KPMG Women's PGA Championship
Close friends face potential showdown for Irish history in Women's PGA Championship
Stephanie Meadow, left, and Leona Maguire of Ireland fist bump after Round 3 of the women's individual stroke play during the Tokyo Olympics in 2021.
One day remains at Baltusrol for the KPMG Women's PGA Championship. With Leona Maguire's seven-under-par lead only two strokes better than the first-place score from Day 1, it is proving a perplexing layout for the players to solve. Take it from Rolex Women's World Ranking No. 1 Jin Young Ko, who delivered four straight birdies on the back nine Saturday for a two-under-par 69 that put her four shots back of the leader Maguire.
"No, still I don't know this golf course," Ko laughed.
Should someone solve it, they might have a chance to catch Maguire and deny her back-to-back LPGA Tour victories. She enters the final round one stroke ahead of Jenny Shin (66) and two up on one of her best friends, Stephanie Meadow (67).
Here's the backstory on their friendship and more takeaways from Saturday at Springfield, N.J.
Maguire, Meadow have special friendship
Maguire, 28 and from the Republic of Ireland, and Meadow, 31, from Northern Ireland, have known each other for nearly two decades. When asked about a favorite moment from their friendship on Saturday, Meadow chuckled.
Stephanie Meadow tees off at the 1st tee during the third round of the LPGA KPMG Women's PGA Championship.
"I'll put it this way, I knew her when she was reading Harry Potter books, so that was a long time ago," Meadow said.
Their journeys have been side-by-side since their junior days, rooming together at multiple events. They played on Irish teams together, including as partners in two foursomes matches at the 2014 Curtis Cup.
The two continued the ascension of Irish women's golf since reaching professional ranks. They played in the 2016 and 2021 Olympics together, with Meadow the closest to a medal with a seventh-place finish in Tokyo in ‘21, four strokes off the podium. Maguire now holds two LPGA victories, becoming the first Irishwoman to win at the 2022 LPGA Drive On Championship alongside the Meijer LPGA Classic last week. Meadow has nearly entered the winner's circle, with two career third-place finishes, in the 2014 U.S. Women's Open and the 2020 Pelican Women's Championship.
Meadow now looks to catch her close friend Sunday for her homeland's first-ever LPGA major title. Maguire isn't backing down from the challenge.
"We've done battle many times before," Maguire said. "It's great to see her playing so well."
Rose Zhang's stable game puts her on verge of contention
Zhang, the Mizuho Americas Open winner in her pro debut, regained her steady-handed play Saturday, posting a three-under-par 68 to move to one under for the championship. Following a bogey on the first, Zhang played bogey-free over the final 17, punctuating moving day with a 219-yard 5-wood to three feet on the par 5 18th to set up an eagle.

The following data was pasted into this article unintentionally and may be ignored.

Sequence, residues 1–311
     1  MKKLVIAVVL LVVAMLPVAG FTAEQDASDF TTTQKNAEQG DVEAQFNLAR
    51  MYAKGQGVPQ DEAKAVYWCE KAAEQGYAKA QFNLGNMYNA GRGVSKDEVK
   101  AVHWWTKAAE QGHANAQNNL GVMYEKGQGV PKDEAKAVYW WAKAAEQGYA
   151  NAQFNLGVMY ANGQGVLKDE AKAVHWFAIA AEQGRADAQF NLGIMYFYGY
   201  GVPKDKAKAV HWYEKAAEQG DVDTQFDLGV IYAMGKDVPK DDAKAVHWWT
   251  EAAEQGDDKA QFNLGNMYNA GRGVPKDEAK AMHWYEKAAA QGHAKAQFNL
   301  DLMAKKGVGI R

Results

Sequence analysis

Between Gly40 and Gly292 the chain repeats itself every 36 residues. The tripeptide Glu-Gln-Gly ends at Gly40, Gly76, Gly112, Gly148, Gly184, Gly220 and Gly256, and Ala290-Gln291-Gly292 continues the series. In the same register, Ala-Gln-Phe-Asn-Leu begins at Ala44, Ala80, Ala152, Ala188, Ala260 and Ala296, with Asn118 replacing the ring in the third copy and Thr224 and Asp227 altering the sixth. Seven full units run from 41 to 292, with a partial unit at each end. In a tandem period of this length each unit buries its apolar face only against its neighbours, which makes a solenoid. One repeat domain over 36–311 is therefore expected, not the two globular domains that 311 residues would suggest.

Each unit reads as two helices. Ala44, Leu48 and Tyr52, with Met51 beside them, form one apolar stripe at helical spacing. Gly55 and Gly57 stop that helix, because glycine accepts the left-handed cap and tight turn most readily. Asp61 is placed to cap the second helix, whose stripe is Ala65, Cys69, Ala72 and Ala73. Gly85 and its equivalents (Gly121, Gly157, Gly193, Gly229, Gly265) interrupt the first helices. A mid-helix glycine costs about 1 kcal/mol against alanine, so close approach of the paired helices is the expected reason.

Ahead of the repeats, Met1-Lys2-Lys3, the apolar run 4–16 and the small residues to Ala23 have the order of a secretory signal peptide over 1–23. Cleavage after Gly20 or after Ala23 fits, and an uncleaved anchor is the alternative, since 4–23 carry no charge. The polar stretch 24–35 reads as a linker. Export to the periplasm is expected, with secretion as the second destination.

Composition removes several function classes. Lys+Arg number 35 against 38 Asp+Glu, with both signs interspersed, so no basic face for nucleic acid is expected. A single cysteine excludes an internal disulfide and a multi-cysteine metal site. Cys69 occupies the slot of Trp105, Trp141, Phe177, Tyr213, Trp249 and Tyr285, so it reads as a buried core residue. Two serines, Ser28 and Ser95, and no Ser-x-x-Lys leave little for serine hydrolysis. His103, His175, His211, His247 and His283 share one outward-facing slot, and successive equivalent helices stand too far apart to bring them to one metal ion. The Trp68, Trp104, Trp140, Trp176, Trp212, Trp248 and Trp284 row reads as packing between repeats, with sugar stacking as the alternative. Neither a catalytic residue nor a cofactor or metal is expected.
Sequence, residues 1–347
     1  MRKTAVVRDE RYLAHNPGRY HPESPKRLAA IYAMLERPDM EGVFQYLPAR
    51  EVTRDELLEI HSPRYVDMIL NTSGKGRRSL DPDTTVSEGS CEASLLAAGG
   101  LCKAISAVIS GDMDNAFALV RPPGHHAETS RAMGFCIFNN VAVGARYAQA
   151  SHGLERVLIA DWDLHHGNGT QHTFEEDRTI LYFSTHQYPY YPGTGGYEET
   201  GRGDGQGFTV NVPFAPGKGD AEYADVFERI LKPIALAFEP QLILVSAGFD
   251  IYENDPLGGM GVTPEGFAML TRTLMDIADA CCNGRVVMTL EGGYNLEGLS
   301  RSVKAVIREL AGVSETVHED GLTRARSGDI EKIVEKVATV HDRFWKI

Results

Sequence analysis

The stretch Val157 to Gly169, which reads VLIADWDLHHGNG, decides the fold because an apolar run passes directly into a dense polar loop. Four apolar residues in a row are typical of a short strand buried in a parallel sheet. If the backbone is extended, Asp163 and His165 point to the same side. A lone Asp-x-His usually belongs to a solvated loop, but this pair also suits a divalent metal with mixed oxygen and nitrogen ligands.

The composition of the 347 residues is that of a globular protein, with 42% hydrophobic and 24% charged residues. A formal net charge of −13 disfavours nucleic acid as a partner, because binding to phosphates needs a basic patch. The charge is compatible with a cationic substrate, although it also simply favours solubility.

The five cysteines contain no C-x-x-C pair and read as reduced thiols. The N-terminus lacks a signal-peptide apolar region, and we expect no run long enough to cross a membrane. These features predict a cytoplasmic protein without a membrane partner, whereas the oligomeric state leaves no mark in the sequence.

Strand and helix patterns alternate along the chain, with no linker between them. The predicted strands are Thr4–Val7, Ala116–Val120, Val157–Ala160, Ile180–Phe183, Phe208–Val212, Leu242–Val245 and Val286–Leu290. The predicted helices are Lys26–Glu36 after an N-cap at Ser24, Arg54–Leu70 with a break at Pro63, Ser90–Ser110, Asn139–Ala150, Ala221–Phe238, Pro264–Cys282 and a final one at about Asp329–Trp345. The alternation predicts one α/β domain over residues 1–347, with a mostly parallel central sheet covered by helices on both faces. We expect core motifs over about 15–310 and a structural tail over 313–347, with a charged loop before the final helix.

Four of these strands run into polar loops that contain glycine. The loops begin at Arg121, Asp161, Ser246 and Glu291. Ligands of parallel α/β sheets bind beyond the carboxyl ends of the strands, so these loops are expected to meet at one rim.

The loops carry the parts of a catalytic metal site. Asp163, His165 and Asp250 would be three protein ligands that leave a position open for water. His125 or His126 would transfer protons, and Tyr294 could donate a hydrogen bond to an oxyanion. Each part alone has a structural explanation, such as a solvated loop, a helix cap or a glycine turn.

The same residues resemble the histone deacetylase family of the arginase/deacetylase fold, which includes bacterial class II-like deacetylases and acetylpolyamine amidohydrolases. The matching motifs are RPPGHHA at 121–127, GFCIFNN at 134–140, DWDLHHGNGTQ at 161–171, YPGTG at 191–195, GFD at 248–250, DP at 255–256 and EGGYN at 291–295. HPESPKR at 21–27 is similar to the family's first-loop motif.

"I felt like it was my best shot the entire day," Zhang said. "I felt like my swing was really solid. It was way better than the first couple days. Finally getting in the groove."
Zhang sits T-12 and is one of 17 players under par for the major. With the number of players between the two-time NCAA individual champion and Maguire's seven-under lead, Zhang recognizes it'll take a near-perfect day Sunday to battle into contention.
"Every part of my game needs to be an ‘A’ game," Zhang said. "We'll see how everything turns out, but hopefully if I put myself in the right positions on the golf course, we'll be able to have a chance."
Megan Khang hits her tee shot on the third hole during the third round of the KPMG Women's PGA Championship.
Scott Taetsch/PGA of America
A plaque kiss and a caddie chat steady Megan Khang
Baltusrol is proving an unrelenting test this week, and eight-year LPGA veteran Megan Khang, at two-under par going into the final round after shooting 67 on Saturday, describes the challenge best. "This golf course," she said, "it definitely gives me a heart attack, I swear, every time I get on the tee."
A heart-racing moment came for the American on the 18th Friday. Her second shot barely got two feet above the ground, with Khang believing it was in the face of a hazard. But instead of ending up in the penalty area, the shot became a perfect layup.
Khang thinks she might have had help from the golf gods after she honored the 18th earlier in the week by kneeling down and kissing the plaque in the middle of the fairway that celebrates Jack Nicklaus's 1-iron shot that set up his major championship scoring victory at the 1967 U.S. Open.
“I don't know if I wanted [the plaque kiss] to be on camera, but it's out there,” Khang said. “I'm pretty sure someone has it on camera.”
Khang ended up birdieing the hole on Friday and parred it on Saturday.
The unyielding nature of the week caught up to Khang early in her round Saturday, which her caddie Jack Fulghum noticed.
"Honestly, out there I kind of was having a mental breakdown," Khang said. "I won't lie. KPMG is tough. They always pick some great golf courses, and like you get out there, and if you're not 100 percent there, it can be tough. But Jack and I kind of had a little heart-to-heart on our third hole, and he said, you need to talk to me."
The chat launched the start of a rally to her score of 67. Khang is finding better answers for Baltusrol each day, as she's improved by at least three strokes each round, posting a 74-70-67.